1.Instagram can be super helpful if you use it correctly. Search the trail by geotag (select “places” under the search bar). Scroll down to the most recent posts and scan through them. Not all will be recent hikes, so look for captions that talk about timing like a caption that reads “about yesterday” so it’s a good chance the photo depicts what the current conditions are like. Of course this is not foolproof so try to find at least a few posts to verify your findings. Also be aware that just because the top of a trail doesn’t have snow, does not mean there is no snow on the trail. For example, I hiked Tunnel Bluffs in March 2018 and the top was totally clear of snow because it has full sun exposure but the last 2 km of the trail had deep snow that required you to be wearing waterproof footwear and spikes for traction are very helpful. It’s an important point to remember, which is why the next section of my article about being prepared is just as important to read.
2. Join a bunch of Facebook Groups and Pages. Find some groups and pages in the area you want to hike and join/like them. Ask the question and you’ll probably get an answer if the trail is well-known. Some of my faves groups include: my group of course 😉 Group Hikes Near Vancouver, as well as Chilliwack BC Hiking Group, Take a Hike Vancouver Island, and Let’s Hike Sunshine Coast BC. There are lots of other great ones, they’re just not as big or responsive I find. Liking and following pages in addition to groups is a good way to get regular information to help you learn about trends, as pages post more informative posts than groups, which are more member question-based. Page admins such as myself are frequent hikers who obviously love sharing information so use us! Post on the wall or send us a DM. Taryn from Happiest Outdoors is a great wealth of knowledge for example. You can also do a general search in the top search bar of Facebook like the above recommended way for Instagram. On the left bar, you can select viewing “all posts” to see any public post and filter by date.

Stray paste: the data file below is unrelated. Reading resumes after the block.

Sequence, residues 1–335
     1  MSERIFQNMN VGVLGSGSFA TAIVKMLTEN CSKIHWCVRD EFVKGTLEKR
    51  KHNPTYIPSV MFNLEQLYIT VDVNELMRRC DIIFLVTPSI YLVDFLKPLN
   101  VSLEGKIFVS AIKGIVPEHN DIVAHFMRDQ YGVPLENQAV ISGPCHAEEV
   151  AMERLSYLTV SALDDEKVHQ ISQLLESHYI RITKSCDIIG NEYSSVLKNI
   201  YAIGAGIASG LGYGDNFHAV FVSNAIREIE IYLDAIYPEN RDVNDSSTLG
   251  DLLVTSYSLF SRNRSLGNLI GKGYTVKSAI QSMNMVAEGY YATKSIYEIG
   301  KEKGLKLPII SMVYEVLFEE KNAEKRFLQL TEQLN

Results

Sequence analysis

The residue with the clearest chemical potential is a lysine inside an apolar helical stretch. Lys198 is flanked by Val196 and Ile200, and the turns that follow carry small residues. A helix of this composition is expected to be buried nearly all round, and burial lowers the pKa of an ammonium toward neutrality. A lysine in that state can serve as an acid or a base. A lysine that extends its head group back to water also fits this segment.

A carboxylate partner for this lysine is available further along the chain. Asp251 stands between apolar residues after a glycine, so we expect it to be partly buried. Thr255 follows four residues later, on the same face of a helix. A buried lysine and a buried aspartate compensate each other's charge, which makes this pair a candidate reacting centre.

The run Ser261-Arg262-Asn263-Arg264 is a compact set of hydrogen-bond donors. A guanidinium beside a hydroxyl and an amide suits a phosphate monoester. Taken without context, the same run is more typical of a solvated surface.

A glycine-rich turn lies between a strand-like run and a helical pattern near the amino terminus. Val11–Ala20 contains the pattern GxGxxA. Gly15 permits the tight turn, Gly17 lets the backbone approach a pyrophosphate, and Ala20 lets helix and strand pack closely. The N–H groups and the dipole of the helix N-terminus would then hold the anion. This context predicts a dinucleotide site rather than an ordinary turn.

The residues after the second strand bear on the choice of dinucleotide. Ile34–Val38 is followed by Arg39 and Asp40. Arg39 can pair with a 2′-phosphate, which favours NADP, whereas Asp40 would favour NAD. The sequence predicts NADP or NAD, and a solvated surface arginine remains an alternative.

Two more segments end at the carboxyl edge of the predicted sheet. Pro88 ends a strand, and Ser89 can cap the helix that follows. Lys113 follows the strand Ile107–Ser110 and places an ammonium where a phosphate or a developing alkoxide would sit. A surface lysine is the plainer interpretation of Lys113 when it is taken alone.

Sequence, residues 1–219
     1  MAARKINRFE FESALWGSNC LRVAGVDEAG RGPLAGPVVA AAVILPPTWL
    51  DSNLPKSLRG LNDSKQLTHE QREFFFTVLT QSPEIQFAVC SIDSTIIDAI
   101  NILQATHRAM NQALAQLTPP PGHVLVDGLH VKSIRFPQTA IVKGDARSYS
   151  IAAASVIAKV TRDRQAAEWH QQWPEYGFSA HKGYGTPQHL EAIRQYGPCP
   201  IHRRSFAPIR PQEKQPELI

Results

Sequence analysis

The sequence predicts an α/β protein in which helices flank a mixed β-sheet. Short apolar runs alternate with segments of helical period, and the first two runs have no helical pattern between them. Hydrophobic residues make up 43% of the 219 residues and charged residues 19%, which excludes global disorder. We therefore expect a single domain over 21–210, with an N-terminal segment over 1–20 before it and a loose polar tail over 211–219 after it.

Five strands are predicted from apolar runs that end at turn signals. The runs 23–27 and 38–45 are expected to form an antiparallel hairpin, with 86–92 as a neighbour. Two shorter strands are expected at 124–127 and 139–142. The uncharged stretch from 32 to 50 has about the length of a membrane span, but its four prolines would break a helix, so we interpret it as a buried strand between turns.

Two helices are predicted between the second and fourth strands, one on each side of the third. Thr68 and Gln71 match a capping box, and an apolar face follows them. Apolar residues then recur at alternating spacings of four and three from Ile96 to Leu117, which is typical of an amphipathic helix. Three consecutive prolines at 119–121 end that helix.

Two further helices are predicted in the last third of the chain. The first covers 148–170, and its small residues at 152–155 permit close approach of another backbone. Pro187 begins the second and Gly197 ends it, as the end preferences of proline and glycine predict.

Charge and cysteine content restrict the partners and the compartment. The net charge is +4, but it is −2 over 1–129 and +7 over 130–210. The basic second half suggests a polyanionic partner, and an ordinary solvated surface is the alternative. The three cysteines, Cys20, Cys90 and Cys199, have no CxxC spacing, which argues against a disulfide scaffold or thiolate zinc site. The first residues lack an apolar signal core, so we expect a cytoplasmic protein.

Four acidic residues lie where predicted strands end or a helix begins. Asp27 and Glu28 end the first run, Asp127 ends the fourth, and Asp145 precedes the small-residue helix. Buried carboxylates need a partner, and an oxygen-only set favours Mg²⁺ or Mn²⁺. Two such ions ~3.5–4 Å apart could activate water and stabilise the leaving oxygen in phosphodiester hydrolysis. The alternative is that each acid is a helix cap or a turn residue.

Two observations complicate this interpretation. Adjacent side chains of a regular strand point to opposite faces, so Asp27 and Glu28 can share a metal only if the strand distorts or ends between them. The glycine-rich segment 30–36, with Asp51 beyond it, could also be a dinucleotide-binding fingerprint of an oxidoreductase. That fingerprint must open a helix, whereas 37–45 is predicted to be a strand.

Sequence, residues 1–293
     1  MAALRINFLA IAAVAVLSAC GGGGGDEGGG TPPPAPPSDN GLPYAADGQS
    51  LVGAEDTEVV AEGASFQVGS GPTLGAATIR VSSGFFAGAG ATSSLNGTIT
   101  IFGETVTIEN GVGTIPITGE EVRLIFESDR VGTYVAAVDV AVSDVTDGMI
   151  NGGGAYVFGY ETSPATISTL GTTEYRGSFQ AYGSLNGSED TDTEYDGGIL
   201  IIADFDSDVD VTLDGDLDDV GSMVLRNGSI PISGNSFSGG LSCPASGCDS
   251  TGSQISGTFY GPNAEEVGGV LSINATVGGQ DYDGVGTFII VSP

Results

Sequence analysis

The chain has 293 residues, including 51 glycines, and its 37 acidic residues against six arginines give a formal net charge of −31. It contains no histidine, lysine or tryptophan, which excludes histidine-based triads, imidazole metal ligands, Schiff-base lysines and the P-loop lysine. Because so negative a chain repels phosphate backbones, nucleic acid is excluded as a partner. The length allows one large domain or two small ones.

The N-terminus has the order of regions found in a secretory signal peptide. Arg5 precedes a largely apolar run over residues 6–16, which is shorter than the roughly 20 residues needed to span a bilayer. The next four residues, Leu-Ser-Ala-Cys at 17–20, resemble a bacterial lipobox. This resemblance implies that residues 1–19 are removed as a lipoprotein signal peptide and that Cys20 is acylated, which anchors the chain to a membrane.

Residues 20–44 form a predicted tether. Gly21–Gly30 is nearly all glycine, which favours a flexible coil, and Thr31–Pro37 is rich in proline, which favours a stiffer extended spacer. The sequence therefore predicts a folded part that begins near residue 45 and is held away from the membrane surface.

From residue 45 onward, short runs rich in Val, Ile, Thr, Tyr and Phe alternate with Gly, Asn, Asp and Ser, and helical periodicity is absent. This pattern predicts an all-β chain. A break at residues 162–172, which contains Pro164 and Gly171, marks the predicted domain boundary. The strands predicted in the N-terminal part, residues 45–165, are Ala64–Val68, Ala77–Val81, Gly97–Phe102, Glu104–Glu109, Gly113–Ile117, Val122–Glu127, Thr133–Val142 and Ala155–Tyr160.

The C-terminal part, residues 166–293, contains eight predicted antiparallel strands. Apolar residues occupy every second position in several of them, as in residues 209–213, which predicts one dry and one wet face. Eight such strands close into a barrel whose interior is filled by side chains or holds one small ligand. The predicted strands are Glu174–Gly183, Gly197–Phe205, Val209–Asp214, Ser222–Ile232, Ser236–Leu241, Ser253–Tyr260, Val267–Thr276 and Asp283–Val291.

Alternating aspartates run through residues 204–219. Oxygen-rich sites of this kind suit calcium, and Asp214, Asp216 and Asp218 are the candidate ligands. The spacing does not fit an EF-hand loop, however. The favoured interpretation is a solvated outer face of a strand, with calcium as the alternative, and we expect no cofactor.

3. Bookmark or join hiking forums and websites. Some hiking websites with more common trails like Vancouver Trails, LiveTrails, AllTrails and Trailpeak have great comment sections where people sometimes mention their recent visits. Vancouver Trails usually has the most recent comments, but Live Trails has the best information in my opinion as they are more extensive reports with photos, gpx tracks you can download, etc. The mountain biking trail site TrailForks is also a good resource.